I had to place Kye in just the right position to feed. She had trouble getting up to go to the bathroom because of the stitches, but she
Going Home and Being a Daddy
There were so many people who came to visit us at the hospital and probably more to visit Kye.
It was very nice and I appreciate all the flowers and gifts.
It was extremely fun to dress him for the first time in his blue hoodie outfit and see what he looked like in real clothes. It was awesome to go home though.
It was an unsure feeling at first. There is no real transition phase.
You are not parents, then you are.
You question how good you will be and are not sure if you are doing things right.
The most surprising thing to me was how natural it all comes. I love, I mean love being a dad.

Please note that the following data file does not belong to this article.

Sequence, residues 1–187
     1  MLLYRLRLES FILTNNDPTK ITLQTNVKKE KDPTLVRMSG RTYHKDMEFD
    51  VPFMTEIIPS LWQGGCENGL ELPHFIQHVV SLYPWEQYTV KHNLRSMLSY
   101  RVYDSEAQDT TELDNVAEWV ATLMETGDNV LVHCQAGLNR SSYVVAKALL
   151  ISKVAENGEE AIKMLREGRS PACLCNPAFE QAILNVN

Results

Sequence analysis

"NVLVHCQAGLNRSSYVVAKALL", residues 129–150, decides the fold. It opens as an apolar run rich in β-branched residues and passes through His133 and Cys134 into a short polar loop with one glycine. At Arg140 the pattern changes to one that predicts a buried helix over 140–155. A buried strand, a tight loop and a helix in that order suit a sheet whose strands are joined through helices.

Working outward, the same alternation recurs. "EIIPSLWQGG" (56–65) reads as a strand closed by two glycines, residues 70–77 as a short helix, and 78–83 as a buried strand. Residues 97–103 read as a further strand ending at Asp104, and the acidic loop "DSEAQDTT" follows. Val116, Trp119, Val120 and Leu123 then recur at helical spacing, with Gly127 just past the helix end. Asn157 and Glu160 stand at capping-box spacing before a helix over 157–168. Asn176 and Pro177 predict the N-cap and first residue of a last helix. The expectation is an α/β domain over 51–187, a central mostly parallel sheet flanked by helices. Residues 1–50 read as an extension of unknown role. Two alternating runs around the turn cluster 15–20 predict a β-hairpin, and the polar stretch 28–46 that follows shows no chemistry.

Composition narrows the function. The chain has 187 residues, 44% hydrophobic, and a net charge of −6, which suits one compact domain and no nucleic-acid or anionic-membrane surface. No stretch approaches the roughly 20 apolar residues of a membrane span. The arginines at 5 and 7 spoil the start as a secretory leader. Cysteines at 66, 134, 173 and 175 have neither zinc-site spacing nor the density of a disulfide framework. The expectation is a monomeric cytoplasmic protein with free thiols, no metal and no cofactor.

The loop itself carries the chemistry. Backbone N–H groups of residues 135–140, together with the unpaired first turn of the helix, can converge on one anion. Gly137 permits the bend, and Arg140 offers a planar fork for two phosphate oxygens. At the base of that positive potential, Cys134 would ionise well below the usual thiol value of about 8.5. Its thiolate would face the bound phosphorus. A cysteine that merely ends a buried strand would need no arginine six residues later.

I just seem to know what to do. Em is just as good.
I am so blessed to have such a great wife who is going to be an awesome mother.
I already respected Em, but after the 9 months of carrying the baby, and then the delivery I hold her on the highest pedestal possible.
She truly is an incredible woman. I am so glad we held on to each other because a woman like Em only comes around so often.
I want to thank my wife for everything she has done. I love you,
I want to thank all of you who have helped Em with ideas and little things throughout the process.
So many times Em would tell me she got advice from this person or that person and it helped us a lot
Zach is now the father of FOUR! After Kye’s
He wrote his version of each of their birth stories!
You Can Read Zach’s Version of Each Additional Child Birth Experience Here:
Britt’s Birth Story
Tess’s Birth Story
Spear’s Birth Story